Law, like any other discipline, is changing and adapting to the needs of society. As it is such a new speciality, I do not know the number of professionals working in this sector, but I suppose it will grow as information increases and ordinary people become more familiar with this world.

You specialize in International Law as well as in Corporate Legal advice. Was it clear to you from the outset that you would work as a Corporate lawyer?

Not really. I became interested in this branch of Law in my last year of law school. I had the opportunity to complete my studies at the GDUFS in Guangzhou, China, and there I was able to look at Law from a broader perspective. In Guangzhou, I was fortunate to share experiences with young entrepreneurs with great and very interesting business ideas that sparked my interest in this field of Law.

After all, we live in a globalized world, where most business relations are international.

After my time in China, I decided to continue my training with the online Master's degree in International Business Law, which allowed me to combine my studies while working in London to improve my English. I have always liked to combine studies and work or internships so that I could apply the knowledge I was acquiring.

What attracted you to this sector and BitBase?

I have been interested in technology since I was a child.

Experts say that blockchain will mark a before and after in certain scenarios, such as commercial and financial relations, and even in our daily lives, just as fire, the wheel, electricity, and the internet did in their day. I like to keep myself informed, and cryptocurrencies caught my attention from the beginning. I spent a lot of time reading and researching as information was scarce, but I was surprised by the boom they were causing, and that was just the tip of the iceberg. So when the opportunity arose to work at BitBase, which have a great team in the centre of Barcelona, I didn't hesitate. Being an in-house lawyer for what started as a "start-up" is risky, to say the least, as well as exciting. Working with such professional and brilliant people enriches me and keeps me motivated. Every day we face different challenges, we anticipate problems by coming up with multiple solutions, and we work against the clock to achieve our goals.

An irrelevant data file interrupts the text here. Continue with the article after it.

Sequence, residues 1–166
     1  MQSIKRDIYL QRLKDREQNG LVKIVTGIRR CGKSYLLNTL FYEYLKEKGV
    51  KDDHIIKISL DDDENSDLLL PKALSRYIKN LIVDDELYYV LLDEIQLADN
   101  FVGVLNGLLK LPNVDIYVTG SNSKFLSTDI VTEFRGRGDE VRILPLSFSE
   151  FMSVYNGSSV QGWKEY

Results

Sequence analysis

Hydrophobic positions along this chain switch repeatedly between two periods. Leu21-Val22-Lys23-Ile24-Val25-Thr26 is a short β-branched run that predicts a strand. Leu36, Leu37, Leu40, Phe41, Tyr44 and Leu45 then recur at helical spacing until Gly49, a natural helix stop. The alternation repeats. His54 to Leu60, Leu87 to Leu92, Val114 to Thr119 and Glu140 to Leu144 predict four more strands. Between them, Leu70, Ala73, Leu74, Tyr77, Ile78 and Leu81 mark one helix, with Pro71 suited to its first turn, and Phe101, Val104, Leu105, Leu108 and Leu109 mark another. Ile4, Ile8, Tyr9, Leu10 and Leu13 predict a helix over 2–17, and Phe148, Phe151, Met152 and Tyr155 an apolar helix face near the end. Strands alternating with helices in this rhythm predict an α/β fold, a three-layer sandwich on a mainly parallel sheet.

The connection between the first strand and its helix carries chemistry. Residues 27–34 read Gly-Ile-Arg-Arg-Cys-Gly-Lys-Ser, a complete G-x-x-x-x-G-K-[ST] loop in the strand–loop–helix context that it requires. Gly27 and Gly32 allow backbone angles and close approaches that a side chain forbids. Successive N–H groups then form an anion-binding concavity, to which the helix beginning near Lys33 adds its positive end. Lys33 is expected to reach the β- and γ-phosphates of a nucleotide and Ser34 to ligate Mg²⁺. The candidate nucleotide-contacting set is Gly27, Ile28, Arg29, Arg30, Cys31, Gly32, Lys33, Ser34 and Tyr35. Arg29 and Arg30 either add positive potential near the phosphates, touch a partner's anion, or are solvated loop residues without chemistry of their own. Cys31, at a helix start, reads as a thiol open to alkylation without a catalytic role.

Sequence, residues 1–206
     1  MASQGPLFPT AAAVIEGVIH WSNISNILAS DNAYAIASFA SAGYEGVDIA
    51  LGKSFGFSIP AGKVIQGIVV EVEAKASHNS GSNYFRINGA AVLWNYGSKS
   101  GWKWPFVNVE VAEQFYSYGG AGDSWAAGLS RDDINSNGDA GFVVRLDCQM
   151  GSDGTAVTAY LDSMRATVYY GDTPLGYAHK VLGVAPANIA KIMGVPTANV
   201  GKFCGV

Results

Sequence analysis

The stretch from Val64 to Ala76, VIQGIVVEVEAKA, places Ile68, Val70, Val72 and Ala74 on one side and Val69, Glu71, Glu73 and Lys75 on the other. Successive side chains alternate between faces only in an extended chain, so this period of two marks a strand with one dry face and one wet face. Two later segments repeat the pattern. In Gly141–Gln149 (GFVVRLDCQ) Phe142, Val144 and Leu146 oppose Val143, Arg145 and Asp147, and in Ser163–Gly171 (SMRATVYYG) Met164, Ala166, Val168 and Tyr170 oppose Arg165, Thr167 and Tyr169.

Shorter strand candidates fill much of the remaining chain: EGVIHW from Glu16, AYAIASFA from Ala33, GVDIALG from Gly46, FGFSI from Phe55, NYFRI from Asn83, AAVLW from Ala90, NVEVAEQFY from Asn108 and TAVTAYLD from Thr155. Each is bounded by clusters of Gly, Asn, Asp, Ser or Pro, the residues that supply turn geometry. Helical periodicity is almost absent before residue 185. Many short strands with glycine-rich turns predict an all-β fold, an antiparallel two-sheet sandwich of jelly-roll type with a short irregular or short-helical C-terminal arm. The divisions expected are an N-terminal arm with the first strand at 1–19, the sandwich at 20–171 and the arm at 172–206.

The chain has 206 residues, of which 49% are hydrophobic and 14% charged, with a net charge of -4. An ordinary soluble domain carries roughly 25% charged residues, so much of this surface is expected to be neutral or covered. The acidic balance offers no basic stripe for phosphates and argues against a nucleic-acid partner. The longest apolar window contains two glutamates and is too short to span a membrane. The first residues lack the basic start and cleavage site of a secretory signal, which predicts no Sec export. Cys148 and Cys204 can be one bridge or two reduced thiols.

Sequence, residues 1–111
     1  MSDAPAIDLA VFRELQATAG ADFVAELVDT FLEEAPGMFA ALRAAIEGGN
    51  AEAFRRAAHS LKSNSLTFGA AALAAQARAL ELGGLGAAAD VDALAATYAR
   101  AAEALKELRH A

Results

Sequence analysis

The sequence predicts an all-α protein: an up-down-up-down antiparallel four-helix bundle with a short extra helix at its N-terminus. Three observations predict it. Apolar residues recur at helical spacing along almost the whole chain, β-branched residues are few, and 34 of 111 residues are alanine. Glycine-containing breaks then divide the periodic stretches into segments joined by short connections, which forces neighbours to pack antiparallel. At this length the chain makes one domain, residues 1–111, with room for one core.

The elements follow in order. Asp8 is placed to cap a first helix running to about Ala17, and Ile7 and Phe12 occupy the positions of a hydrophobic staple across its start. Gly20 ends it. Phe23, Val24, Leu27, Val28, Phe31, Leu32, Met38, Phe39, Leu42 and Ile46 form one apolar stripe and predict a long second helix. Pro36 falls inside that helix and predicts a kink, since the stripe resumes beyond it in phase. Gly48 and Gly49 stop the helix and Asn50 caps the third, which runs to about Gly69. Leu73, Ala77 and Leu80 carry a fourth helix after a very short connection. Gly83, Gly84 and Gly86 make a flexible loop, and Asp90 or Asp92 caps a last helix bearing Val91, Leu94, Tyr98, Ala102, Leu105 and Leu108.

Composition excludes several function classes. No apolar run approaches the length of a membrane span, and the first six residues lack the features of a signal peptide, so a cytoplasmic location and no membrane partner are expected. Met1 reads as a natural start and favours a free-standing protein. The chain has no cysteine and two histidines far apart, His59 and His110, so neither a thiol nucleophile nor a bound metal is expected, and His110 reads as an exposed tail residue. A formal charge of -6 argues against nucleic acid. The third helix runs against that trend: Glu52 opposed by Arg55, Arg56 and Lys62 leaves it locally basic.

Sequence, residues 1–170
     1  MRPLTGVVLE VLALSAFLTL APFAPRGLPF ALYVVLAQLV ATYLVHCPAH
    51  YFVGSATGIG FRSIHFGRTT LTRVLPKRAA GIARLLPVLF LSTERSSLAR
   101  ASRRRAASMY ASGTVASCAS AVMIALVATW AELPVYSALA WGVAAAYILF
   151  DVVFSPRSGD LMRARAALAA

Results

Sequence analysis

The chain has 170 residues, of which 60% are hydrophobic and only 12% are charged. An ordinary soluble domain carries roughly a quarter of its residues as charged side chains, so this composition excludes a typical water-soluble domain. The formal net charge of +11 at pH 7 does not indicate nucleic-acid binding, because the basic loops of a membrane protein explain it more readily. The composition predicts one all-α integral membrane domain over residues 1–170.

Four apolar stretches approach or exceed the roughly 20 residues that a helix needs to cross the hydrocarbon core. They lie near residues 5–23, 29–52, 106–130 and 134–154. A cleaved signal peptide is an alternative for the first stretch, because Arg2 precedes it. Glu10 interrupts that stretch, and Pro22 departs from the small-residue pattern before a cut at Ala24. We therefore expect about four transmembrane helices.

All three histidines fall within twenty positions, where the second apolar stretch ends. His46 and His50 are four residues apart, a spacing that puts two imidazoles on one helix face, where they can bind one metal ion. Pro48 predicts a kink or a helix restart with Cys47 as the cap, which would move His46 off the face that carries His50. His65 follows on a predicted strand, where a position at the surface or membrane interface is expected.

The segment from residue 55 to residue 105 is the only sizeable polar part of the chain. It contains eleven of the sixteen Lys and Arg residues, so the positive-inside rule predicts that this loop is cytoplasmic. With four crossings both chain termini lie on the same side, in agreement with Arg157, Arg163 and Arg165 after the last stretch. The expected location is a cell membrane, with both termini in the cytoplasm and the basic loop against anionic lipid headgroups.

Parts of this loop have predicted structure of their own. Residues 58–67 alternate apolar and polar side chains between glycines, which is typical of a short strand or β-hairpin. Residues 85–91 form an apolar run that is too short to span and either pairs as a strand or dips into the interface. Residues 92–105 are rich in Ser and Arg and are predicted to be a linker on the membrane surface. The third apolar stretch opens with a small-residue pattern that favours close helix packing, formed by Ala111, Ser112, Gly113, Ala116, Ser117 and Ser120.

In just four years, they have set up 20 physical shops, more than 40 ATMs, launched their own token (BTBS Token), and it's only the beginning.

BitBase has exceeded all my expectations, and I am happy to be part of this team.

The company plans to expand into Europe. Is this where your knowledge of International Law will be essential?

New projects will be launched soon. The expansion will be worldwide, starting with Dubai, with whom we will sign a Master Franchise agreement in the coming weeks.

BitBase thinks and acts big. That's why you need to be up to date on all legal information. Knowledge of International Law is absolutely necessary.

It seems you do enjoy travelling. In which countries have you lived, and which jurisdictions do you find "more complicated" from a Legal perspective?

Travelling is one of my passions. Since I was a child, my family has made an effort to help my siblings and me get to know other customs, languages, gastronomy, landscapes, broaden our horizons, and be tolerant people.

When I was 20, in 2014, I felt the need to live an experience outside Spain, and for four months, I did a "work and travel" programme in Alderney, an island located in the English Channel. At 23, I moved to Canton, China, where I finished my degree and started learning the language. In 2019, at the age of 25, I decided to volunteer on "Gender Equality" in Bandung, Indonesia.

From my experiences abroad, I can conclude that the most difficult jurisdictions are those that lack, in a broad sense, respect for Human Rights. However, this is a subjective answer that I have based on the education I have received and the culture I have grown up in.

Young, female and already in a remarkable professional position. Do you think it is possible to combine a successful career with other aspirations in life? What are your short, medium and long-term challenges for the future?

Everything is possible with effort, organization and discipline. I am a dreamer and ambitious woman. At the moment, I am focused on my work. I would like to specialize in the cryptocurrency sector. It is a new niche market with great professional possibilities.

At BitBase, I have found a balance in my personal and professional life. I enjoy the day-to-day and set short-term goals, which keeps me motivated and helps me to grow both personally and professionally.

Do you have any reading tips on the topic of cryptocurrencies?

If you are a total stranger or beginner in the world of cryptocurrencies, I recommend "Cryptocurrencies for Dummies" by Victor Ronco, who offers a complete guide to discover what cryptocurrencies are and explains how the blockchain system is going to transform everything.

By Desiré Vidal

To read the full interview on issue number 107 click here

 
 
 

The Latin American Lawyer
N.21 • September 2021

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Iberian Lawyer
N.107 • September 2021